Linda Kern: You know, a couple of questions that I like to ask, a couple of my favorite questions that will get to the heart of where somebody’s thought process is going forward. So, a question that I advise my clients, staff, that I will ask as well, when I help them hire is, “In three months, if this job was the perfect job for you, and everything worked out perfectly,” and it might be two months, it might be six months, but it’s usually that two to three months where the honeymoon phase starts to fade, “What does that job look like? What is that perfect and ideal scenario in three months?” And then they answer.
Linda Kern: And then I also want, if I’m in an interview with the hiring manager, I will ask the hiring manager in front of the candidates that same question, and that way they’re sharing things that, if this was perfect for both of us, this is what it looked like. And then I flip the question around and say, “In three months from now, if this was the worst job you’ve ever had and you made a huge mistake, what would that look like?”
Linda Kern: And that tends to bring out what they’re looking for from a job. Because we’ve been through that. We’ve been through, in previous jobs, we’ve been through, “Ugh, I made a total mistake. This is not the right place for me.” And so, they reflect on those experiences.
David Wojcik: So once again, we hire slow, fire fast.
Linda Kern: Yeah, definitely. And definitely with sales people. Definitely don’t rush. Resist the temptation to go, “Finally I’m going to fill that position. Finally, somebody who’s got industry experience. I like them. Everybody else likes them.” Sales people interview well, so take your time.
Linda Kern: The other thing I advise is, and I heard this actually at a conference last week, is take that person outside of a business setting. Take them for lunch, maybe take them for dinner, maybe take them out with their spouse or partner. You’re trying to get to know what’s behind the facade, break down those formal barriers of how they would answer an interview question, and really get to see what they’re like more personally, if you will. But definitely take your time in hiring them.
David Wojcik: And what are we looking for? What are some of the danger signs that we might find in the hiring process?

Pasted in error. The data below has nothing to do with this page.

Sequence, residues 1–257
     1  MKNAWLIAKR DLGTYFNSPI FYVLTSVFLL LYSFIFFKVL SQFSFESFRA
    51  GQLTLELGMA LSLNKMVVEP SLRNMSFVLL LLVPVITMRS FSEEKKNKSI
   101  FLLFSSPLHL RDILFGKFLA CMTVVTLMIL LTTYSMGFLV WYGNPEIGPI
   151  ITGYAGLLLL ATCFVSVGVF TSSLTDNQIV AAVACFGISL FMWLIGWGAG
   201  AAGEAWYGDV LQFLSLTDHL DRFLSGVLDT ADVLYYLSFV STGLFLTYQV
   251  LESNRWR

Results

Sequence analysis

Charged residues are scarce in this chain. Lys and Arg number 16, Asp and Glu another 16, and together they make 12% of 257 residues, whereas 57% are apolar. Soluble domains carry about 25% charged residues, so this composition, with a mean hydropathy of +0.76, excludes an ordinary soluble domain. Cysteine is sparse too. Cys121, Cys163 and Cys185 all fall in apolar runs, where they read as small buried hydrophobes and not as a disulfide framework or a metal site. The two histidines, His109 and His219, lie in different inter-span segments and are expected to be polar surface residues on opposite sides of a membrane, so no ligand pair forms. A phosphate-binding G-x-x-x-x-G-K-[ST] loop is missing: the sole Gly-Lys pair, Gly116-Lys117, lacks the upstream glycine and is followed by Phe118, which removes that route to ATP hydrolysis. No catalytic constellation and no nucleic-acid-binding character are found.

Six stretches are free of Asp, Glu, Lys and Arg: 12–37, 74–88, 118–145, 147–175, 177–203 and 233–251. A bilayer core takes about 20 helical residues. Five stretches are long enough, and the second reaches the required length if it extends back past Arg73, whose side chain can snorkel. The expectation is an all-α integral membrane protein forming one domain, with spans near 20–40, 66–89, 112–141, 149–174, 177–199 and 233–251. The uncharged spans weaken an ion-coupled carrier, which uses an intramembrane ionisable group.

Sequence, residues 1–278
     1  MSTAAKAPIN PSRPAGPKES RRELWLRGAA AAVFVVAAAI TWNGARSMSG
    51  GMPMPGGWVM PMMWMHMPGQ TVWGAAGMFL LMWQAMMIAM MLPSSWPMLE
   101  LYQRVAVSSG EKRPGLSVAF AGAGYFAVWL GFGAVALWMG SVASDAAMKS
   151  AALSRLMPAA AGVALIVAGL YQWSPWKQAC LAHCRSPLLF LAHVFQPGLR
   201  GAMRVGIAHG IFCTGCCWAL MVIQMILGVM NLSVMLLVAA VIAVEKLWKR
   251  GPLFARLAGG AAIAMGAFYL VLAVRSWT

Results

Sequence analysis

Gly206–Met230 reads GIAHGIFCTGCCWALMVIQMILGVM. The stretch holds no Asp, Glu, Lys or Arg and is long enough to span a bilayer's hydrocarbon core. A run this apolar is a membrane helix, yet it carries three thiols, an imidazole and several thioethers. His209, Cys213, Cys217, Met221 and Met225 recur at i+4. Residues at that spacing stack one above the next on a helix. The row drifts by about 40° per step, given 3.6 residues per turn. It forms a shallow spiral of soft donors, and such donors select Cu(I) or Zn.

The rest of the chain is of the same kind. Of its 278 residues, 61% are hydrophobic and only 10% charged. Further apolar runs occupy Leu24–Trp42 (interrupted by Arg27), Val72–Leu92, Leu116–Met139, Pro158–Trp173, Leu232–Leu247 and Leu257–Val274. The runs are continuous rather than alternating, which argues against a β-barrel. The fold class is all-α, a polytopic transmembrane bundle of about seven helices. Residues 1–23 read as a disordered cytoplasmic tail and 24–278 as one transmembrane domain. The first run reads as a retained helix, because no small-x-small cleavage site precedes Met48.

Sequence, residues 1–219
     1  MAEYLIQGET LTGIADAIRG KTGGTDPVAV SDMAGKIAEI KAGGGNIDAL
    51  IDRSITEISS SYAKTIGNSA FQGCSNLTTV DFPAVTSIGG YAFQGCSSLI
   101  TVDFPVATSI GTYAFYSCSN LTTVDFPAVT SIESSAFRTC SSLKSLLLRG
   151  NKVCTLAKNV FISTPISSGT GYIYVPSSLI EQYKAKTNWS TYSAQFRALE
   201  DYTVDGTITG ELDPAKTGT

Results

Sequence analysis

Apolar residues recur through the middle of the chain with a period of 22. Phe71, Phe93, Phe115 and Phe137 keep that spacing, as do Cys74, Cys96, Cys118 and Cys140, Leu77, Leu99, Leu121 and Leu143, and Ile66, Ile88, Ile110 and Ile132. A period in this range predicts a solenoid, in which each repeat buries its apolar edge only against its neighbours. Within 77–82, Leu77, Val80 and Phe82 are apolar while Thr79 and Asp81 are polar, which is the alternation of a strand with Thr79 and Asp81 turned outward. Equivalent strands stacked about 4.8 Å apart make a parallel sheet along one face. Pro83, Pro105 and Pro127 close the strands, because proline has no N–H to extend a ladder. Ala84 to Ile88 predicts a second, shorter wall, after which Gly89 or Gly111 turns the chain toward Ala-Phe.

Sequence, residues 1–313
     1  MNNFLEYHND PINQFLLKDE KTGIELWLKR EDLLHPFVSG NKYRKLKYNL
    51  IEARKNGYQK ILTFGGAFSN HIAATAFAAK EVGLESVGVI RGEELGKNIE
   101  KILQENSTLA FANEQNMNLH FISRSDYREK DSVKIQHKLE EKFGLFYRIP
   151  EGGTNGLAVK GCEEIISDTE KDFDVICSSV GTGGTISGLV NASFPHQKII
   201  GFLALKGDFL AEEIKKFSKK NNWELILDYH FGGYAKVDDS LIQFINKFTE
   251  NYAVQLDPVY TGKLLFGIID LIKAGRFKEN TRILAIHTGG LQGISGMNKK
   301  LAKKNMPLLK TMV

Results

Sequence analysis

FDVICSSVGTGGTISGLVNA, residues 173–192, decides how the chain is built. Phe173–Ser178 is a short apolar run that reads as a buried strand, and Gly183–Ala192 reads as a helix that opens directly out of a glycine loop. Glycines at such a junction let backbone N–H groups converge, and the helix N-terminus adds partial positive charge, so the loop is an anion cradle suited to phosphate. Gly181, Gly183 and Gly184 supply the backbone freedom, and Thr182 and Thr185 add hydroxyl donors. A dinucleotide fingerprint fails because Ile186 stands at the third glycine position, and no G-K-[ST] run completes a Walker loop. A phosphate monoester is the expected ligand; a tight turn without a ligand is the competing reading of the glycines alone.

Linda Kern: Hmm, that’s a good question. I’m very much into the character and the attitude of the person. So I would watch out for, I don’t like a temper. That’s hard to get to, but when you get to a personal, maybe a dinner, as opposed to a lunch, even, quite frankly, because that’s an off hour. I’m watching for somebody who’s a short fuse. I want to hear some stories of successes they’ve had in the past. Like an actual story, some challenges or you might call it failures they’ve had in the past.
Linda Kern: The other thing you’re watching for is always tap into your instincts. You can tell when someone’s telling a real story, and you can tell when somebody is using words like, “I would do this.” “This is how I have handled it.” You’re watching the body language and the authenticity of the storytelling, and then you’ll know if it’s a real story.
David Wojcik: Well, I’m going to do some role playing with you at some point in time, see if you could tell whether I’m telling a story or whether I’m telling reality.
Linda Kern: Yeah, you’re hard to read for me. You caught me once.
David Wojcik: Oh, you’re talking about my Antarctic story?
Linda Kern: Yeah!
David Wojcik: Yeah, that was a good one, wasn’t it?
Linda Kern: Oh, that’s a good one. You got to share that one day.
David Wojcik: Anyways, Linda, you’re going to come back on a regular basis. We’re going to go through this Sales 101 series and the next time we talk, we can talk about maybe some of those first days of hiring, of what you should be doing with your sales person when you’re bringing them on board.
Linda Kern: You got it.
David Wojcik: All right. Thanks Linda.
Linda Kern: Thanks.
David Wojcik: Thanks so much for being with us.